Learn more about RenderMan with the presentations at the Art & Science Fair
My personal background is kind of a mishmash of several different things- my family is from several different parts of China, my parents spent a lot of time in Germany and I was born there, and I grew up in several different parts of the United States. All of these different cultural contexts left their mark on the family environment I grew up in, and taught me to appreciate very different cultures with very different people and very different ideas. I also learned from a young age that even across very different cultures, there are often things we can find common ground on. I think this is why I like to cast such a wide net when looking for artistic of technical inspiration; how I grew up taught me that just because something isn't familiar to me doesn't mean it isn't worth learning about, and more often than not learning about something unfamiliar leaves a mark and can change us for the better.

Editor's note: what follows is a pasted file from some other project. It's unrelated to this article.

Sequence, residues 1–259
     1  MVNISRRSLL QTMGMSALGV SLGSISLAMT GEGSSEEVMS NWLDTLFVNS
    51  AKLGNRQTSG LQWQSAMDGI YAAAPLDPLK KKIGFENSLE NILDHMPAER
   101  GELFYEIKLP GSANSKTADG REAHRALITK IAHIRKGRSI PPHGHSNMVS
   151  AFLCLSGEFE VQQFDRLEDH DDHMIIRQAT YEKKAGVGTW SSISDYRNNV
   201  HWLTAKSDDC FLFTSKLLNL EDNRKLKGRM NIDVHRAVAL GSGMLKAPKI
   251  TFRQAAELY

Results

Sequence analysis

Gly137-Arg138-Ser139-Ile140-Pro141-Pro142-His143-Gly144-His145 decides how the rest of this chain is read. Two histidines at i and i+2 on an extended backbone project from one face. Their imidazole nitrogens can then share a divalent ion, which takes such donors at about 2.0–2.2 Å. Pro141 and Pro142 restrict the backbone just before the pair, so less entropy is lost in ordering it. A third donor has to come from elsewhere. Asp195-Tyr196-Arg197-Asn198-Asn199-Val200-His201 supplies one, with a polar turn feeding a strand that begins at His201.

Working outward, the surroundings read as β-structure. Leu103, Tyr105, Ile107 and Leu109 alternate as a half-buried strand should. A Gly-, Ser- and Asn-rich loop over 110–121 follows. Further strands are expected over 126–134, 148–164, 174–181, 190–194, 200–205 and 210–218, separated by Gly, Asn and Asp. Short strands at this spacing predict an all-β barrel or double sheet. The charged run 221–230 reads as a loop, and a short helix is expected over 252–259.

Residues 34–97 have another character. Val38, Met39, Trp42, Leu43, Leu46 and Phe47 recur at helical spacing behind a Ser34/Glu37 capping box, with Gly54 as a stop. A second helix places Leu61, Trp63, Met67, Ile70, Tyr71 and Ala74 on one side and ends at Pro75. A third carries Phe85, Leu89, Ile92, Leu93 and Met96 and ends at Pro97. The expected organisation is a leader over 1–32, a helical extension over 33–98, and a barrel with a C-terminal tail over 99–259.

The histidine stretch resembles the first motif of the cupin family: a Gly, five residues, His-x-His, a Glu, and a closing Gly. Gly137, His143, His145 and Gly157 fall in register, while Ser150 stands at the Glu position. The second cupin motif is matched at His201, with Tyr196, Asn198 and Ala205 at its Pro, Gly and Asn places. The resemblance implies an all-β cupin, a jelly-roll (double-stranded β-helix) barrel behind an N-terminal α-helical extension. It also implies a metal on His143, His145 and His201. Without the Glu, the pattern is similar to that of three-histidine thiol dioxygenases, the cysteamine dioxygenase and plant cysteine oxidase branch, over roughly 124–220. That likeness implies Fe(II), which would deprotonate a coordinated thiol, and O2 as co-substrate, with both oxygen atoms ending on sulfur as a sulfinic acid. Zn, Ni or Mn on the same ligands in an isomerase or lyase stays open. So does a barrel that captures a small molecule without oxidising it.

Cast a wide net! Don't be afraid of looking at and drawing inspiration from work that is outside of your comfort zone; I think that's great advice for both art and for code. Don't be afraid to try new things, and try as many things as you can to figure out what you really like and what you really want to do; again, that's true for both making art and for programming. Also, don't be discouraged when success doesn't come immediately; some of the things I have found most fulfilling in both art and programming have required a good amount of (figuratively) banging my head against the wall until I finally understood what I needed to do to make things work!